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Old 07-22-2011, 10:00 AM   #1
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Adding attic insulation


I'd like to add some insulation to my attic. I just had the house sided and re-roofed, so I now have a vented soffit and ridge vent. I know I will need to put in some rafter shutes, baffles or whatever you want to call them in between the rafters. I presently have about 7 inches of blown in insulation on my attic floor which is under the reccomended amount for S.Eastern Pa. So my question is this , Can I use unfaced batts on top of the blown in insulation running them perpendicular to the joists, or do I need to use more of the blown in insulation? Thanks.

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Old 07-22-2011, 12:54 PM   #2
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Adding attic insulation


You can use the batts. That's a great way of mitigating the thermal bridging caused by the joists. While you're up there, you might want to check the existing insulation for dirty spots, which would indicate air intrusion. Seal up any gaps.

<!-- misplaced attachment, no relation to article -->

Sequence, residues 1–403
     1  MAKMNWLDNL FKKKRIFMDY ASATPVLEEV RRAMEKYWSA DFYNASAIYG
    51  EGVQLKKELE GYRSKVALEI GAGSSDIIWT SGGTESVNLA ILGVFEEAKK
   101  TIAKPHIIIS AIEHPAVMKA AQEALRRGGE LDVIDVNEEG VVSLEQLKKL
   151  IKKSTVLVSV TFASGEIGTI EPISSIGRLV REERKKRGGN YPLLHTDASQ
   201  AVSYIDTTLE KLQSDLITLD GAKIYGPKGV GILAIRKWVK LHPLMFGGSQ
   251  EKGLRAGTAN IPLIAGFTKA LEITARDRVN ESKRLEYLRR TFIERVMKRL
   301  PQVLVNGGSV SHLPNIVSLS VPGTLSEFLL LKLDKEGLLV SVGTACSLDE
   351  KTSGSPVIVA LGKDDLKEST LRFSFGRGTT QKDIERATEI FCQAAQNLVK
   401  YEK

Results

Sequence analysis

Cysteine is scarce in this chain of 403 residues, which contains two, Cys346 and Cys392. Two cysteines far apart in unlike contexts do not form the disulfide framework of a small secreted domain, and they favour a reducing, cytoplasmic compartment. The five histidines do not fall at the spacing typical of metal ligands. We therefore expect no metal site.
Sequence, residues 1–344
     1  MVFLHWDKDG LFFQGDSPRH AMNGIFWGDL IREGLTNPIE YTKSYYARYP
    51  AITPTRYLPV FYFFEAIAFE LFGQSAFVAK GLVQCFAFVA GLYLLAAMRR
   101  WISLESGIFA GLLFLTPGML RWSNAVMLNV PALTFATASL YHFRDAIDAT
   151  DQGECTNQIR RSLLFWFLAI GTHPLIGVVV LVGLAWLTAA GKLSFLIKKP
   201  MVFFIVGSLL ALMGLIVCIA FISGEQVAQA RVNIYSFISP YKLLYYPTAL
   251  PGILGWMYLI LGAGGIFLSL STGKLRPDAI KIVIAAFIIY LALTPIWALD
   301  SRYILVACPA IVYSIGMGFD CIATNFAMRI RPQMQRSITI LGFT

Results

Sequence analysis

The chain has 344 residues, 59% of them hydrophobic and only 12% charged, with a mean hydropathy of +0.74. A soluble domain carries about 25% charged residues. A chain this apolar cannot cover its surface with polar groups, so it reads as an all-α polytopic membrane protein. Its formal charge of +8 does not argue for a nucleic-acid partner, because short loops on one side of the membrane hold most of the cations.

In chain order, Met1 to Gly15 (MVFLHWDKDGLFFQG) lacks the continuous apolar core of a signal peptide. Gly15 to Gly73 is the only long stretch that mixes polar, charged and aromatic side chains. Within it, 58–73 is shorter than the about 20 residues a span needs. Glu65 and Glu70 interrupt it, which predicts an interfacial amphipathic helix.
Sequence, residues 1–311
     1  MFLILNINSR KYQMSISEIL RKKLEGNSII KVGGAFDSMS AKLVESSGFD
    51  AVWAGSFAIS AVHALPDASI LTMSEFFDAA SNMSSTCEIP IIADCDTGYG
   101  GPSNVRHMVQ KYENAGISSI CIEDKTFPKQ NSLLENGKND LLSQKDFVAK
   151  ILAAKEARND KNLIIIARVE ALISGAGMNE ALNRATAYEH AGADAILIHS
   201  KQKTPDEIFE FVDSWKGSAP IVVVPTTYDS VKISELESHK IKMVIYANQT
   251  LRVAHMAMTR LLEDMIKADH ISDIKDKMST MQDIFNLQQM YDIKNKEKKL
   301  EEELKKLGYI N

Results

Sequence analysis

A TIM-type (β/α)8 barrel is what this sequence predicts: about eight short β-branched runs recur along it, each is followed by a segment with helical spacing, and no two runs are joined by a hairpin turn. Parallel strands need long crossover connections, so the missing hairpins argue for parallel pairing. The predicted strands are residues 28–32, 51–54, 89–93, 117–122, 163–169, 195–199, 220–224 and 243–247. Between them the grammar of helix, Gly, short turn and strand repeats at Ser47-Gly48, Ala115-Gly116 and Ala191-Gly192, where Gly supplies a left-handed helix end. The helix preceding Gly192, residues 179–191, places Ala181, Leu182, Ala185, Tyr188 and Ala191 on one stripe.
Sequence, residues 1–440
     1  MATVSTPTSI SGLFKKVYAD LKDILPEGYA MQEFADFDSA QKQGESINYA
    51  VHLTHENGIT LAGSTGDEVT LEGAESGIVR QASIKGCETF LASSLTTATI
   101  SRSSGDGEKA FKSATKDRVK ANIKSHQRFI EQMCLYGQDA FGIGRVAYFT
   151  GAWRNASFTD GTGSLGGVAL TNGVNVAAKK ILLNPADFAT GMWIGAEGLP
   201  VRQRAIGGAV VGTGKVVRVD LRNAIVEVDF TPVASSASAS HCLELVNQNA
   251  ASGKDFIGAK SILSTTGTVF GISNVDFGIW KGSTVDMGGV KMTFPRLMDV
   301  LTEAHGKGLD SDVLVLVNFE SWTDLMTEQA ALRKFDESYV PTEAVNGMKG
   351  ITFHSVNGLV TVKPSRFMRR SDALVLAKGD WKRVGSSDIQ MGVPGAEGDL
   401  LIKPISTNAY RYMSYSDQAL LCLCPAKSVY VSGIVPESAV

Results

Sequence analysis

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Old 07-22-2011, 01:12 PM   #3
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Adding attic insulation


While your crawling around adding the chutes and batts, add a tyvek air barrier on top of everything as well. Air movement within fiberglass batts greatly reduces the effectiveness. So if you put an R-30 batt up there without an air barrier, then you only really be getting an R-20, or so gain, as the top layer of batts will be compromised do to attic air movements. So, for the $150 or so that a tyvek roll costs, you'll reclaim that lost R-10 or so.
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Old 07-22-2011, 01:18 PM   #4
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Adding attic insulation


Does the Tyvek block moisture? That would be bad.
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Old 07-22-2011, 05:02 PM   #5
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Adding attic insulation


If blow-in fiberglass, yes that will reduce the R-value, by compressing the existing. If blow-in cellulose, just use more, it will also stop any convective loops in your blow-in f.g.: The "biggest loser" in fiberglass insulation....

Tyvek (58 perms) won't block moisture, (I've repeatedly sited that) compared to Typar (16 perms), which will. Moisture movement optimum is 18-32 perms....

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